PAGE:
Things Fall Apart

In this chapter, what does the reader learn about the customs of the Ibo and the customs of other neighboring clans? How might this be important in the story?

chapter 4

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During the Week of Peace, Okonkwo notices that his youngest wife, Ojiugo, has left her hut to have her hair braided without having cooked dinner. He beats her for her negligence, shamefully breaking the peace of the sacred week in a transgression known as nso-ani. The priest demands that Okonkwo sacrifice a nanny goat and a hen and pay a fine of one length of cloth and one hundred cowries (shells used as currency). Okonkwo truly repents for his sin and follows the priest’s orders. Ogbuefi Ezeudu observes that the punishment for breaking the Peace of Ani has become mild in Umuofia. He also criticizes another clan’s practice of throwing the bodies of all who die during the Week of Peace into the Evil Forest.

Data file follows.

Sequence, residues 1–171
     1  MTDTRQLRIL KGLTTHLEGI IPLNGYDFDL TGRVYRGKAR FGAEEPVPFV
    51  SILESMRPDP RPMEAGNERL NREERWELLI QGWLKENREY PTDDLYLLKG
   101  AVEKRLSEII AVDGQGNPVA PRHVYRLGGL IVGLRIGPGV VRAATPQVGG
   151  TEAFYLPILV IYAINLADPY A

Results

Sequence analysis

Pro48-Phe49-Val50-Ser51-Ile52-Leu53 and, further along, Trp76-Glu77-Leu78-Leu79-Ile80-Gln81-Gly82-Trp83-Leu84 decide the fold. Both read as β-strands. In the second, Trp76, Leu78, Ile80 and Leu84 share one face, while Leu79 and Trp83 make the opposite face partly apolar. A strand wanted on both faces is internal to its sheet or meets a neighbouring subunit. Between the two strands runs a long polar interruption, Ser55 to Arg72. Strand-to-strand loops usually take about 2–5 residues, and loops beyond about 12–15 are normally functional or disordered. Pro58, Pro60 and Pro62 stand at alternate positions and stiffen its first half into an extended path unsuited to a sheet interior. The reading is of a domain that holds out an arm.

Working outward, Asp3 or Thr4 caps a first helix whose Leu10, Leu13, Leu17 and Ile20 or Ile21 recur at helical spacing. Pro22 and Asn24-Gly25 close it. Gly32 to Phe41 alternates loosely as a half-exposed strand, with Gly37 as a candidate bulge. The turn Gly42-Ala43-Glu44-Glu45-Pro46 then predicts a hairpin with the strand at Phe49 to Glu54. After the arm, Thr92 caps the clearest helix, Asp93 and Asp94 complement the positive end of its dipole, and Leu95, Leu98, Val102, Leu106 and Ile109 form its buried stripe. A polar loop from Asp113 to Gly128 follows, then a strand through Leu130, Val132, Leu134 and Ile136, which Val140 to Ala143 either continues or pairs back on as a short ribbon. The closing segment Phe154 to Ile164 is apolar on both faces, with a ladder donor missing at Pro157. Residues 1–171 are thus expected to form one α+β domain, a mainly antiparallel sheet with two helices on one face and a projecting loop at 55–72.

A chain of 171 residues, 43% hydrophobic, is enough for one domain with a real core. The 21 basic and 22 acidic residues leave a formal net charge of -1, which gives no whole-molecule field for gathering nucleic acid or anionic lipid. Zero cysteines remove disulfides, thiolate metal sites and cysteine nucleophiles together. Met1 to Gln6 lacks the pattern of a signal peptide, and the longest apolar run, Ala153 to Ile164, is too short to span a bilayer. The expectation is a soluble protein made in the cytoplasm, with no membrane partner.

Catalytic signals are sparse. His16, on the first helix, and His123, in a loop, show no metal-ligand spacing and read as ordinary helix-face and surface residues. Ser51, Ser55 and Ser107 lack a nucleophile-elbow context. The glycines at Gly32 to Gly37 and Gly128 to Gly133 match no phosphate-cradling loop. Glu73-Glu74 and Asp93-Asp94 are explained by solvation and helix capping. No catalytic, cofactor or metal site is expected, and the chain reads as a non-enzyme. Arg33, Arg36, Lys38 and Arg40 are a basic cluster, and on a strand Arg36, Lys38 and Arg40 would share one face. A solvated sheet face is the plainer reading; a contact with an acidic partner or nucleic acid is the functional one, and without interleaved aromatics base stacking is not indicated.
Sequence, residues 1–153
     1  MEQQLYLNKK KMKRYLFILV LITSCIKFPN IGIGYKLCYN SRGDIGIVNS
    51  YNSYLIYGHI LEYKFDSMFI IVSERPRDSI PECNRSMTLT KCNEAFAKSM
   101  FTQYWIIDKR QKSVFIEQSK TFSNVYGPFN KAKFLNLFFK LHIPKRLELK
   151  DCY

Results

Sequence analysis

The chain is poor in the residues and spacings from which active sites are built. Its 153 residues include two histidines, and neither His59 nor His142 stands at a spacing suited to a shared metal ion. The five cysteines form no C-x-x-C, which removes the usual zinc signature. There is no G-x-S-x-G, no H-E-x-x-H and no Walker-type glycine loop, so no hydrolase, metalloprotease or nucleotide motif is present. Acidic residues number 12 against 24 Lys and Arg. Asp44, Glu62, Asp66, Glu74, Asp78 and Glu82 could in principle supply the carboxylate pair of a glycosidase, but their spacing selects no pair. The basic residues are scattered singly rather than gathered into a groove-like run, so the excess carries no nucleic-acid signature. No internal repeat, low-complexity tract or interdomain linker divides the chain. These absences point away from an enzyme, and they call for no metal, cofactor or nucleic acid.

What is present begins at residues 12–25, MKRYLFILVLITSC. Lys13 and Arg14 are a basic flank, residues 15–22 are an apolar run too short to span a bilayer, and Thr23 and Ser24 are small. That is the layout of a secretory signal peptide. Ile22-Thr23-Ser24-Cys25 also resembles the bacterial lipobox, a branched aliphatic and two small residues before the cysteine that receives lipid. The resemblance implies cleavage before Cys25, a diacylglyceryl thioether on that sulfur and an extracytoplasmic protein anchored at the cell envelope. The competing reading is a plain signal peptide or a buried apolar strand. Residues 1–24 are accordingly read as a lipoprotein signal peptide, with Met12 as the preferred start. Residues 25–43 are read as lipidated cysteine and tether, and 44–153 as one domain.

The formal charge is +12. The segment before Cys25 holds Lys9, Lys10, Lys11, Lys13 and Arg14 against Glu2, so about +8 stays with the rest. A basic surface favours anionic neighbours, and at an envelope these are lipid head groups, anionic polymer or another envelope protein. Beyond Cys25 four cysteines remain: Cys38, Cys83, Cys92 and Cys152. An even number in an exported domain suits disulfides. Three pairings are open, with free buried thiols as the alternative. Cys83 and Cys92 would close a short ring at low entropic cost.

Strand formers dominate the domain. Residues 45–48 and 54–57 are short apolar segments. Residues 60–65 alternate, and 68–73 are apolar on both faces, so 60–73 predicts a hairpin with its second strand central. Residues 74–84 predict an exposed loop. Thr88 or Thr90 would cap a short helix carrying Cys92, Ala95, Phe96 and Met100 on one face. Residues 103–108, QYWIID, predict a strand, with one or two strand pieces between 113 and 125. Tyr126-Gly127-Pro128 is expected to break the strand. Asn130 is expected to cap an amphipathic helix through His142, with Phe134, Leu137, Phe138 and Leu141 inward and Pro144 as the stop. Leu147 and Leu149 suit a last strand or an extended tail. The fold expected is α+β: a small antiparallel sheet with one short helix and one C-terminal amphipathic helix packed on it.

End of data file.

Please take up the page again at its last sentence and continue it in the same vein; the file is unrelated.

After the Week of Peace, the villagers begin to clear the land in preparation for planting their farms. Nwoye and Ikemefuna help Okonkwo prepare the seed yams, but he finds fault with their work. Even though he knows that they are too young to understand farming completely, he hopes that criticism will drive his son to be a great man and farmer. Ikemefuna settles into Okonkwo’s family and shares his large stock of folk tales.

It is important to note the importance of custom and religion in the community. This chapter treats the reader to an indepth look at religious practices, celebrations, and traditional preparations for planting and harvest.


Things Fall Apart